Most often, this is a condition imposed by the parents. Children are often told: "be in sight, otherwise you will be lost", "be in sight, so that I was calm." That is, it is primarily about the interests of an adult. Endlessly pronouncing the "get lost" attitude, an adult inspires the child with the idea of always being in sight. And then everything will be all right. Growing up, such children are sure that their well-being directly depends on their popularity. They try to “be in the public eye” by all means, including those discordant to society. With such a pathological desire for popularity, healthy socialization does not occur. In essence, a person is still “lost” in the crowd, remains alone.
Fear of death
Often, a child has to experience the death of a relative at a fairly early age. The main thing that parents need to remember is that children do not need to be taken to funerals and commemorations. In such a situation, several factors fall on the fragile child's psyche at once: unknown, incomprehensible situation, atmosphere, behavior of loved ones. The child realizes that something bad and irreparable has happened to a loved one (for example, with his beloved grandmother), but does not understand why. What if it was because he did not obey? While adults are busy with their experiences, the little person's world turns upside down several times and comes an acute fear that this could happen to anyone. In adulthood, this leads to the desire to "burn" life, unnecessary risk. All this happens because a person who experienced the fear of death in childhoodit is necessary to feel every day alive and unharmed, to prove it to yourself in all possible ways. The problem of alcoholism and drug addiction is also closely related to childhood fear of death.
Fear of being rejected
Another common emotional state “from childhood”. Many factors contribute to the emergence of such fear, the main of which is the attitude towards the child in the family. Rejection by their own parents, the constant devaluation of children's problems and experiences leads to the fact that the child begins to feel alien and unnecessary not only in the family, but also among peers. Adults who have grown up with this attitude feel unworthy of attention and love, they are afraid of the condemnation of society. They try to attract as little attention to themselves as possible, isolate themselves from society. This condition often leads to depression.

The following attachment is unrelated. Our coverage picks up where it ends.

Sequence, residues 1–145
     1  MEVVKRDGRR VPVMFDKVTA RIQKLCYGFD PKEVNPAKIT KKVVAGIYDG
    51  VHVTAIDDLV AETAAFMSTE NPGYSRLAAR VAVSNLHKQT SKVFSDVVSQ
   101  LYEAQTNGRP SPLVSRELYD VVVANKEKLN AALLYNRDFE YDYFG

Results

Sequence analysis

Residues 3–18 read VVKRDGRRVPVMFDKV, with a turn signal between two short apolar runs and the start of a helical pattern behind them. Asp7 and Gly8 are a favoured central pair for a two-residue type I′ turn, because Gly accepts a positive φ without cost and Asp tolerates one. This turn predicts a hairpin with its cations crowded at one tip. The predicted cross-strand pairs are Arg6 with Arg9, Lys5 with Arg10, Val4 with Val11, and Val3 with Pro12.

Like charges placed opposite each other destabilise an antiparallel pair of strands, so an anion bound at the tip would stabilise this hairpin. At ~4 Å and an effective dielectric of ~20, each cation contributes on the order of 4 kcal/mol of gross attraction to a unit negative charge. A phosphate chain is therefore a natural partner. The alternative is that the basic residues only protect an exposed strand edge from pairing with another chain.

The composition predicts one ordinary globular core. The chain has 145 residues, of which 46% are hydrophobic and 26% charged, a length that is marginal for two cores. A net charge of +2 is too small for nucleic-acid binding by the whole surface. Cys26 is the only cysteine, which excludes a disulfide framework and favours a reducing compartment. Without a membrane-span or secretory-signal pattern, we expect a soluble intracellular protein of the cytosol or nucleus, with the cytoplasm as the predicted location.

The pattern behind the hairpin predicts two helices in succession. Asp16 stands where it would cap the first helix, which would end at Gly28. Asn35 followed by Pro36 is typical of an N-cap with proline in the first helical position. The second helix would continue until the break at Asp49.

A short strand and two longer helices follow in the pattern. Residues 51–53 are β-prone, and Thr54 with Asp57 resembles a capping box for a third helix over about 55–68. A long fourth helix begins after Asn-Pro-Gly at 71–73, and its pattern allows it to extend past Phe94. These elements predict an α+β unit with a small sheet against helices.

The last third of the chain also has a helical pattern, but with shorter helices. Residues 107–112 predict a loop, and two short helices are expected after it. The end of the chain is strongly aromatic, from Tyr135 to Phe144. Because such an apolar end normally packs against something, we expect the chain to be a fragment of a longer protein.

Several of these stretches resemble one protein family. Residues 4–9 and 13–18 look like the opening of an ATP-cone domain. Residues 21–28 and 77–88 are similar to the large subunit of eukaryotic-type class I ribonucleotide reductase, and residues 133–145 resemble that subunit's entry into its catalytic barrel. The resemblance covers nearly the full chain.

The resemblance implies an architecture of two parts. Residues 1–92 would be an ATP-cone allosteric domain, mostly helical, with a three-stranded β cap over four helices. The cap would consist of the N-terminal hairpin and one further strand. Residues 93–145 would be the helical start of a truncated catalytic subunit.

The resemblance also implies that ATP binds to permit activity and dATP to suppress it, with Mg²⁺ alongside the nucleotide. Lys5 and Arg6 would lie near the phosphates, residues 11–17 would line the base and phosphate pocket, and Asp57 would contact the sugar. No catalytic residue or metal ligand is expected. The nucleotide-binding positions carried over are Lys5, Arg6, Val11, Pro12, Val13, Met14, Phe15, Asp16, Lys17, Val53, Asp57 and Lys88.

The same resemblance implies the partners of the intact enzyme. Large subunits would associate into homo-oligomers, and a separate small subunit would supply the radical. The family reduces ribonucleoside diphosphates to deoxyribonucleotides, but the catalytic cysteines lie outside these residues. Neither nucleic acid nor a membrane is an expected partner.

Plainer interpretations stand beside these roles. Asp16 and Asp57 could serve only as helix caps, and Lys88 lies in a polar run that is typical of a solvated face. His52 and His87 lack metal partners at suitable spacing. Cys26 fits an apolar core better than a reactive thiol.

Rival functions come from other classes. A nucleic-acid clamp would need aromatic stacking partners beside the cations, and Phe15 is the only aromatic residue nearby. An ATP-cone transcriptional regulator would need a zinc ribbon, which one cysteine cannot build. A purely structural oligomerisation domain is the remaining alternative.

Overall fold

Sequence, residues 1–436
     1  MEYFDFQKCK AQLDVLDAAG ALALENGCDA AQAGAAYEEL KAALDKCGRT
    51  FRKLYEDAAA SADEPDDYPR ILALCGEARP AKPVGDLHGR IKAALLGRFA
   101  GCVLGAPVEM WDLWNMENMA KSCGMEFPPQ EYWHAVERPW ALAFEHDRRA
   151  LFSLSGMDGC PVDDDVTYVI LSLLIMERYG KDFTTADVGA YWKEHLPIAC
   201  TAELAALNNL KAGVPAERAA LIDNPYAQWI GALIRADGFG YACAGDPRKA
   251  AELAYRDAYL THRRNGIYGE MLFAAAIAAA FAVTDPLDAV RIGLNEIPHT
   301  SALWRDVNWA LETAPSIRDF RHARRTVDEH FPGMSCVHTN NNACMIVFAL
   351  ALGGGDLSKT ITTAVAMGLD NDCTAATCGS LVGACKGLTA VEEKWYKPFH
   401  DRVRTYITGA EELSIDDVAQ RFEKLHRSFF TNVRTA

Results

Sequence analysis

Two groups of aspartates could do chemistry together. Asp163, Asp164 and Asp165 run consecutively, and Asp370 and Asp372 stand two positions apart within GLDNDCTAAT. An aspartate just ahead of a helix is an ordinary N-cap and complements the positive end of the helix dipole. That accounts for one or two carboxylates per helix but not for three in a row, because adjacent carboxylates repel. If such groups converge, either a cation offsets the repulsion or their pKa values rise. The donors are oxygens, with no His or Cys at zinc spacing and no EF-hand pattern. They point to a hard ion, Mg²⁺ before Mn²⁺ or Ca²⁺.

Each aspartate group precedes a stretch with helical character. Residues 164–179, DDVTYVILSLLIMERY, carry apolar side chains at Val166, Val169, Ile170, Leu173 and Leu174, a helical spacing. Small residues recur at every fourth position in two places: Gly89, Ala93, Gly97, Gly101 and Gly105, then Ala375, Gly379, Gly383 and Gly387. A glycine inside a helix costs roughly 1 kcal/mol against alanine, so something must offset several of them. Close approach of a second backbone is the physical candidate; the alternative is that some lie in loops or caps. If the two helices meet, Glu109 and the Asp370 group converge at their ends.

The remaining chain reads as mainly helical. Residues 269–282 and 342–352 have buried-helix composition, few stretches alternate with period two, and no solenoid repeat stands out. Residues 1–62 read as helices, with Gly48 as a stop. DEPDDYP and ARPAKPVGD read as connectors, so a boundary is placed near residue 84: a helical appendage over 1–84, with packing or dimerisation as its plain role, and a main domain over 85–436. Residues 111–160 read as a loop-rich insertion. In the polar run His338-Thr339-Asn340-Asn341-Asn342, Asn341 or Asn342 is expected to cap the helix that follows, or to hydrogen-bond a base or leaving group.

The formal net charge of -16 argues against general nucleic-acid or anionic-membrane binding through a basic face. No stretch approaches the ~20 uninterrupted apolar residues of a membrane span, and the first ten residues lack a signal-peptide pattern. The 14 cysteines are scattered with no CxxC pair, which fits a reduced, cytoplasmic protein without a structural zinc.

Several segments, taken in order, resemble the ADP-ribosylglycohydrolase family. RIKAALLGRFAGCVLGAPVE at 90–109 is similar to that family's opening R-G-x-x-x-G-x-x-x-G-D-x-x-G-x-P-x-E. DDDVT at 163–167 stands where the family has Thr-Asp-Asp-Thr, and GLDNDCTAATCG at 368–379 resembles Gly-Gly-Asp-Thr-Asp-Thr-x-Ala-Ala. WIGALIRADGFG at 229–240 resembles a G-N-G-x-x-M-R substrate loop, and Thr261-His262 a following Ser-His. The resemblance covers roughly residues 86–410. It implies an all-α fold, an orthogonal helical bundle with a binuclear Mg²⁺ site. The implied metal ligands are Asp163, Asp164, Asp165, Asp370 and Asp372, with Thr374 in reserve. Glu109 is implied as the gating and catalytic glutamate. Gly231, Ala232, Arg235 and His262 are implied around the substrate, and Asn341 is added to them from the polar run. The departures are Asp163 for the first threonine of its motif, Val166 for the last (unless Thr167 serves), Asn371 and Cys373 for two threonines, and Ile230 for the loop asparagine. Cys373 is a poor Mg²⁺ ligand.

Find and neutralize
One way or another, we all grow up with our childhood fears. To minimize their impact on adult life, parents need to be able to pay attention to them in childhood, not to dismiss or ignore children's messages.
Even the simplest actions that do not require labor can change the child's attitude to their own fear. How to help:
- Buy a plush toy - a friend and tell a story that it will always protect the child.
- Talk to a child heart to heart, tell a little about yourself. In general, pay more attention to the child.
- Draw, sculpt with the child. Offer to draw someone who scares.
- Always talk about what is around. Don't ignore the questions "why is the sky blue" and so on.
- Redefine the family environment. Solve conflict situations.
- Avoid overwork in a child, reduce stress.
- Monitor sleep and rest.
- Spend time together more often.
And of course you can't do the following:
- To be ashamed and laugh at children's fears: "You are already big, but you are afraid of the dark", "Don't make up your mind, all this is nonsense."
- Ignore watching aggressive films and computer games.
- Emphasize and remind about fears.
- Call names and punish: "Oh, look what a coward is growing."
The family is the first and most important social group in the life of every person. We are all sometimes annoyed by the fears of our children, they seem to us stupid and naive. But it must be remembered that problems that began in a family environment are quite difficult to eliminate in adulthood.